SPECIAL NOTE: The current laws in this region of Germany have forbid the collection of fossils since 1986 with this quarry specifically, being closed and protected by state law. Legislation has permanently ended the hope of ever securing any new specimens as this one being offered here. This incredible piece comes from an old German private collection and was collected long ago before the ban was enacted.
Words simply cannot do this piece justice. It is really a specimen that MUST be seen in person. Standing alongside it is an amazing experience and the detail in the fossil just does not convey in photographs. Most plant fossils are small so this remarkable example is truly in a class all its own. A piece like this is not only priceless in its scarcity, but the beauty and aesthetic it possesses can turn any interior into an instant shrine to natural history when displayed.
The pleasing warm cream, light brown and gray shale showcases a stunning COMPLETE BRANCH of a Pecopteris sp. fossil tree fern, with all its fronds. Very few fossils like this are found on our planet and one that is as attractive as it is rare is nothing short of a masterpiece of our planet's natural history. Immeasurably more rare than the fossil palm fronds from the MUCH later Eocene Period, you see offered on a regular basis from the Wyoming, USA, Green River Formation!
Pecopteris was a prehistoric giant tree fern that on average, grew to a height of around 13 feet. A photograph at the bottom of this page demonstrates what this tree fern might have looked like nearly 300 million years ago, before the first dinosaurs. Fragments of fossil tree fern branches are common but a COMPLETE giant tree fern branch with the main stem and radiating fronds, is scientifically an incredibly rare occurrence. The fossil is on a rock that was rather frangible and necessitated having the fern removed in numerous pieces and the pieces reconstructed. Damage due to extraction and repair required about 15% - 20% restoration of destroyed leaves and fronds. The entire fossil has also been sealed to stabilize the fragile layers in many areas to protect the fossil from fracturing and to increase contrast to show off the detail.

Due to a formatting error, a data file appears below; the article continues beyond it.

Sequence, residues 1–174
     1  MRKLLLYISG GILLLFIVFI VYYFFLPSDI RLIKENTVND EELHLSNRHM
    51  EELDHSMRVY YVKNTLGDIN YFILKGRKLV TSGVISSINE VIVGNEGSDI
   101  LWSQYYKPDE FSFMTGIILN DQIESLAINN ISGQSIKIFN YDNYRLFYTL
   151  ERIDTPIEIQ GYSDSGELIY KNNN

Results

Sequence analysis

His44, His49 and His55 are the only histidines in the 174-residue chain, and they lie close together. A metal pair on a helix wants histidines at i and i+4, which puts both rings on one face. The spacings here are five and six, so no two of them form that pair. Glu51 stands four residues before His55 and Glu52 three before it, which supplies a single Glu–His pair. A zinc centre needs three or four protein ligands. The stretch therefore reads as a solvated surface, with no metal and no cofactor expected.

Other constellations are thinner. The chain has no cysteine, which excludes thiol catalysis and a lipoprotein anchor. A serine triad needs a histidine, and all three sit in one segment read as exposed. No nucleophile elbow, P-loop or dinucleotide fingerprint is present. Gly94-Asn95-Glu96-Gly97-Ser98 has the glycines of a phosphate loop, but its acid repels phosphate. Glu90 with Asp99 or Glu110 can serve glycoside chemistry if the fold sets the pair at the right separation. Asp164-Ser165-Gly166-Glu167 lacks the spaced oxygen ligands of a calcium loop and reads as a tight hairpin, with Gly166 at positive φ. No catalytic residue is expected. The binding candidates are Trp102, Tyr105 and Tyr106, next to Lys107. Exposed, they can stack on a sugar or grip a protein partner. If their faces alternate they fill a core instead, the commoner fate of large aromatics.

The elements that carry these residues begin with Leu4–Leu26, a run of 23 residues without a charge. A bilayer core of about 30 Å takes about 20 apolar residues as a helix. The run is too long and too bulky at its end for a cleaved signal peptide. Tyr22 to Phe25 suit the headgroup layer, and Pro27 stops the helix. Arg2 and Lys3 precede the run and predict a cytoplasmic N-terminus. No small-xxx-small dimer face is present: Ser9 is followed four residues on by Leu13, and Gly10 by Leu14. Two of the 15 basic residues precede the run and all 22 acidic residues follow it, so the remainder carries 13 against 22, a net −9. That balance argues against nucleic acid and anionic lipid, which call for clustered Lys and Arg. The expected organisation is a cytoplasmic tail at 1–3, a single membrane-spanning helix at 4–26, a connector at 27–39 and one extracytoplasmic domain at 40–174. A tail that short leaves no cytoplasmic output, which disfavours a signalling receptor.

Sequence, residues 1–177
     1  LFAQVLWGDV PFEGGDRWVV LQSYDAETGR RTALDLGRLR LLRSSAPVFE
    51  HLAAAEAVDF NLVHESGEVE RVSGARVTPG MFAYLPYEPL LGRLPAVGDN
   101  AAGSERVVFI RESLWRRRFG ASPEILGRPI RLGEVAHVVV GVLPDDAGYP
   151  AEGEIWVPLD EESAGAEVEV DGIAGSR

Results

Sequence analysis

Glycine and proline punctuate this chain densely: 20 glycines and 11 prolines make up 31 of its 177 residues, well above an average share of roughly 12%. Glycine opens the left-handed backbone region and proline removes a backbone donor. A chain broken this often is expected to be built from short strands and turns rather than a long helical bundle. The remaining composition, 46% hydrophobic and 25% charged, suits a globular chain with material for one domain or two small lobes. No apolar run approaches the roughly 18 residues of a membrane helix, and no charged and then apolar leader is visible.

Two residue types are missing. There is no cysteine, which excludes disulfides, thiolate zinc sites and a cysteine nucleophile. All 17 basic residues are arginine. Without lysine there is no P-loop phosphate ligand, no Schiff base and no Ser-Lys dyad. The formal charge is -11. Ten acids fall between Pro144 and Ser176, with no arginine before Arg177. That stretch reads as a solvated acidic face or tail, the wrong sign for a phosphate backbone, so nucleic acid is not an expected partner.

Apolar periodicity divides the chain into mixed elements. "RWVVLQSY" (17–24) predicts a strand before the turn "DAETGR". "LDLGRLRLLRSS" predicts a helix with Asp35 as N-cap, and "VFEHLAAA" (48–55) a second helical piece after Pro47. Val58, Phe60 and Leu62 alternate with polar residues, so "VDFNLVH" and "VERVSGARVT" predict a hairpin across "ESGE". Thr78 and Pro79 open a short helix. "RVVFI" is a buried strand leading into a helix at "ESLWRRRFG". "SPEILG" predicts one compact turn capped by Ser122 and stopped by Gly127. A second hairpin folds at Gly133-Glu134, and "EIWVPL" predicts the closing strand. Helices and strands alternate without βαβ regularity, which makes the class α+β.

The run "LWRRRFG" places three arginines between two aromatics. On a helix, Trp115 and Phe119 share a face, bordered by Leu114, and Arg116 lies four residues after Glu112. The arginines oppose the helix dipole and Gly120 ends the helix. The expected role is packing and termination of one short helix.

The overall thickness of this slab is approximately 1 inch and has been reinforced with steel and epoxy.
With the majority of large plant fossils coming from the Eocene deposits of the Green River Formation in North America, a plant fossil of this magnitude and completeness, coming from the Permian Period, puts in in a class all its own. This fern fossil comes from a time BEFORE the first dinosaurs and the geological era it dates to, marks the most dramatic planetary extinction event in history.
Ferns comprise a large group of plants that have a fossil record dating back to the Carboniferous Period, 360 million years ago. During this time, they were the dominant vegetation on the planet. About half of the fern foliage in the Carboniferous developed seeds versus conventional reproduction by spores, leading to the term "seed fern". Many modern families of ferns living today did not appear until the late Cretaceous Period.
The leaves of ferns are called fronds and each frond is made up of leaflets. Ferns typically reproduce by the generation of dust-like, single cell spores which are generated from the fern sporangia structures. These spores act like seeds and in an ideal situation, fall to ground and begin to multiply with the right amount of light and moisture. Eventually, these tiny growths become a separate fern.
In the Silurian Period, plants needed to make the cross-over from water to land so they developed ways in which to extract nutrients and water from the Earth. They developed an epidermis to slow down the loss of water and pores called stomata by which an exchange or gas could occur. By the Devonian Period, some plants had developed these characteristics leading to becoming the first land plants. At this time, five classes of plants had emerged - Psilotopsida , Trimerophytopsida, Zosterophyllopsida, Lycopdiopsida, and Equisetopsida. Ferns and fern allies, as we know them today, arose from these early plants.